A woman walks past a tent set up outside Kelly Paper on Howard Street in the South of Market area on Monday, Jan. 28, 2019. (Kevin N. Hume/ S.F. Examiner)

Doing good without realizing it

There’s a homeless man I see every day during my commute to The City.

There’s a homeless man I see every day during my commute to The City. While homeless people are part of the fabric of San Francisco, this man stood out when I first walked past him about two months ago. Perhaps it was because his clothes were spotless, his hair, beard and hands clean, or because he was tall and lanky and appeared a picture of health.

Every day I would see him walking down the sidewalks of The City, and I began to notice his condition was deteriorating. He covered his ears as he walked. His face was becoming more pale as the weeks turned into months. His clothes were soiled. One day while riding on BART, I noticed people pulling their jacket collars up to their noses when he stood near them.

Like so many people who live or work in The City, I felt helpless, guilty and awkward. I had no idea what to do. Should I talk to him? He never makes eye contact with anyone, from what I could see. Should I call someone? Should I give him money? Should I buy him some food?

This week, as I walked down a BART hallway, I was disturbed to see him lying there, not in a place where several homeless people rest every day, but in the middle of the station, with morning commuters walking around him. I stood for a minute and waited, again wondering what to do. When some officials headed toward him, I went on my way.

Two days, later I was relieved to see he was alive, and walking along the sidewalk as if being homeless is something to wish for.

Although I don’t pretend to know how to help him or the thousands of others who live on the streets in San Francisco, it was heartening this week to be reminded of how, by just telling one story, journalism can help when we least expect it.

As journalists, we don’t often brag about our work, so forgive me while I do.

Earlier this week, Examiner staff writer Laura Waxmann wrote about police dismantling a homeless encampment in the Mission District. She went to the site and talked with people who had been living there, people who said they had nowhere to go and would likely return to the camp, or elsewhere nearby, as soon as authorities stopped paying attention. It underlined the futility of the exercise in a similar way that watching a single homeless person accentuates my helplessness. In describing camp resident Jose Garcia and the challenges he faced, Waxmann humanized one of the thousands of homeless people in San Francisco, while pictures by Lola Chase, an Examiner photographer intern, showed readers Garcia’s weathered face and the push broom he uses to keep his piece of the sidewalk clean.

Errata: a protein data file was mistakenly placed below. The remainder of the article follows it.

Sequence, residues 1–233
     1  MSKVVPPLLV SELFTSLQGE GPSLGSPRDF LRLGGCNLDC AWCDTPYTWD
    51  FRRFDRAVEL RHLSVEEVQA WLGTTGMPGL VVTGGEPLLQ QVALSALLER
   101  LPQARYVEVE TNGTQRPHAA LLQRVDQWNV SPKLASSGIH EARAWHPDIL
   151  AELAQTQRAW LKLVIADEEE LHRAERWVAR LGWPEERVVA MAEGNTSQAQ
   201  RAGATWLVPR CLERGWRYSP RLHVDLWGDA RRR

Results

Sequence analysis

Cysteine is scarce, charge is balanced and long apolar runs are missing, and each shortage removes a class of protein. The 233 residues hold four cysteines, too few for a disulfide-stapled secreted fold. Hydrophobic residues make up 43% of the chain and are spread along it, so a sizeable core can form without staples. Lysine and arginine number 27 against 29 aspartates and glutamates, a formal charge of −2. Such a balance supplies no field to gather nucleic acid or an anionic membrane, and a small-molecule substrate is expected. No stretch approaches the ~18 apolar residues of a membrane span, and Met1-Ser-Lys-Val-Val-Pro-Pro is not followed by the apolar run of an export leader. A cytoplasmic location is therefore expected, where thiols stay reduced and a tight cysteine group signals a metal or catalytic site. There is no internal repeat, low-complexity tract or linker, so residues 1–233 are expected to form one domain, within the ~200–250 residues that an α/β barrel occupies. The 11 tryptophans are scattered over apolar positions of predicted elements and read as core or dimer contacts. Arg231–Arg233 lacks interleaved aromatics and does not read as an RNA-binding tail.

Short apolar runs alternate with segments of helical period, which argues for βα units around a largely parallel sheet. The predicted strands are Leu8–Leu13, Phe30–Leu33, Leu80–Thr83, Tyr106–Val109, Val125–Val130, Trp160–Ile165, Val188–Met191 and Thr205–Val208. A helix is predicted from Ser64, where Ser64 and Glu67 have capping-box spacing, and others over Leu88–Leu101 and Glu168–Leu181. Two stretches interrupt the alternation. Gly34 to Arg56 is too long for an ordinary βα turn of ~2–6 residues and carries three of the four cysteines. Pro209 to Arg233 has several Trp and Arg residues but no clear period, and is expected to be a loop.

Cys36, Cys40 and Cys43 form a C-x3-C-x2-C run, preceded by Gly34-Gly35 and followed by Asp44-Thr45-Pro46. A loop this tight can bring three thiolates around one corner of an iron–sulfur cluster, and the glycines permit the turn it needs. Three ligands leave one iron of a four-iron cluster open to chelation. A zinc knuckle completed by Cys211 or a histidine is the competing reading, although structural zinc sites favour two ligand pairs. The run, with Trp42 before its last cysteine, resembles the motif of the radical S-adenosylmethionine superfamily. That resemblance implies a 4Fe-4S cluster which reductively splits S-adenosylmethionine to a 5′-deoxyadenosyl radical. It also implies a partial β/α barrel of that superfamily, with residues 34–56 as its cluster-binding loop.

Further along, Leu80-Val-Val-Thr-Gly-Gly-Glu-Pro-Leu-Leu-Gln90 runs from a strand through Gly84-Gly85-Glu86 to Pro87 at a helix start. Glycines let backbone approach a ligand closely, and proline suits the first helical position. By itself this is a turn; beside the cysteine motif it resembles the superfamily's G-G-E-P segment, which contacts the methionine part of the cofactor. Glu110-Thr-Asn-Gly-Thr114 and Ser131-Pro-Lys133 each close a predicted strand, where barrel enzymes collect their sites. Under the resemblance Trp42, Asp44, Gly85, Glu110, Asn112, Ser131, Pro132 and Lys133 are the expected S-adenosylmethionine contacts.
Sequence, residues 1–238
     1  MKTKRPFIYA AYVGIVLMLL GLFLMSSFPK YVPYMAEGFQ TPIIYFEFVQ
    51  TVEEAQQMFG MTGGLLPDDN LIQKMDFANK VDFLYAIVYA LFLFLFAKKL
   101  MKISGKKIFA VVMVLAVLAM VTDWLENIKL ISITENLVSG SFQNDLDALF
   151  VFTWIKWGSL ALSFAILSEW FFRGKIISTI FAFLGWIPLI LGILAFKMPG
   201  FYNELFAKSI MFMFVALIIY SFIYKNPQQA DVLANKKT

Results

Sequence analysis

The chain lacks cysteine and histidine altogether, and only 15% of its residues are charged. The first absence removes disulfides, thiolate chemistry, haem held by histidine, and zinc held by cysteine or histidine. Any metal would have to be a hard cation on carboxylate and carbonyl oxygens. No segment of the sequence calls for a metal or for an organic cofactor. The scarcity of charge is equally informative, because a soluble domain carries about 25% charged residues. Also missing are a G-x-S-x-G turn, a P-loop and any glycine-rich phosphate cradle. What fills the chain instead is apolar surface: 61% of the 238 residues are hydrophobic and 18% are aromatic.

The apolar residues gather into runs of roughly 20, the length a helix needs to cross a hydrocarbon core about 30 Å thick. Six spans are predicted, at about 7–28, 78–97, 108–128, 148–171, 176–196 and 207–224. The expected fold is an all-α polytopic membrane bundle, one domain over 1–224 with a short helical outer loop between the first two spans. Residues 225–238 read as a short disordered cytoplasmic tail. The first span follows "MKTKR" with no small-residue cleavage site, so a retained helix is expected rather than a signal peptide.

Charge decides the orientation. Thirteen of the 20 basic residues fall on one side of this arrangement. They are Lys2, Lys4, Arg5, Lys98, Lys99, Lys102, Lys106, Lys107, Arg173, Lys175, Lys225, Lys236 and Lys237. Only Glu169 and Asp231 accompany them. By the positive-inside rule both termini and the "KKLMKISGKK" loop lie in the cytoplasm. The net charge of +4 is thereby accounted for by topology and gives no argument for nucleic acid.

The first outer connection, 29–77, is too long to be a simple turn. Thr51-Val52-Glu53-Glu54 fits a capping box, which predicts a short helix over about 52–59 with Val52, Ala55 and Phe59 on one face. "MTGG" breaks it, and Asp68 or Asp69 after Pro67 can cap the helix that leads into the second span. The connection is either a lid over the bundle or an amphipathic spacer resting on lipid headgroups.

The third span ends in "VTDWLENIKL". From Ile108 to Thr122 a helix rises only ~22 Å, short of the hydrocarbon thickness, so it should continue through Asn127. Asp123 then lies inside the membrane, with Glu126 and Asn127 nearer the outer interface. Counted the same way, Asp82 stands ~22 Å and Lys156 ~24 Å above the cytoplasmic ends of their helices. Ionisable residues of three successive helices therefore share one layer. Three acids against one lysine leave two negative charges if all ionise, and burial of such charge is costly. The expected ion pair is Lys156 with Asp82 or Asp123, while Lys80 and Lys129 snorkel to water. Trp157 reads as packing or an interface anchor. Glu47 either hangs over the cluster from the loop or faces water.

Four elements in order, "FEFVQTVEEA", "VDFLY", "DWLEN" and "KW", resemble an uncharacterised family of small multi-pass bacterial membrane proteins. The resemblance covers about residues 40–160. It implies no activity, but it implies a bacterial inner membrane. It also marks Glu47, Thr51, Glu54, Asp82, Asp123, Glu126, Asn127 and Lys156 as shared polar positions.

This is the type of reporting that journalists do routinely.

What happened the next day was not routine.

After the story and photos appeared on the front page of the Examiner and the home section of the website, a city official contacted Waxmann and said he planned to reach out to Garcia to offer him training that could perhaps lead to a job.

In the bigger picture, it hardly moves the needle of the inequities in The City and the world, but we were thrilled. Our actions made a difference. But we often never hear about the effects of our work.

Earlier in the week, were it not for a chance encounter, I wouldn’t have known about how another story we published meant to its subject. As I was walking out of my office, I encountered a man inquiring about how to get extra copies of Sunday’s paper. I quickly recognized him as Guy Clark, or “Guy the Flower Man,” the recent subject of Examiner guest columnist Denise Sullivan.

Clark’s been selling flowers at Noe and 15th streets for nearly four decades, enduring gentrification, and the misbehavior of dogs and humans alike. He’s also watched generations grow up before his eyes as he makes his little corner of the world a more beautiful place.

I persuaded Clark to pose for a photograph with the article and he offered up his signature smile. He told me that his father, who used to visit him every June around Father’s Day, died five years ago. Since his death, something good has happened to Clark every June. This year, Clark told me, the good thing was the story about him that we published.

Deborah Petersen is the Editor-in-Chief of the San Francisco Media Co. which publishes the Examiner, SF Weekly and SF Evergreen. You can reach her at askeditor@sfmedia.com.

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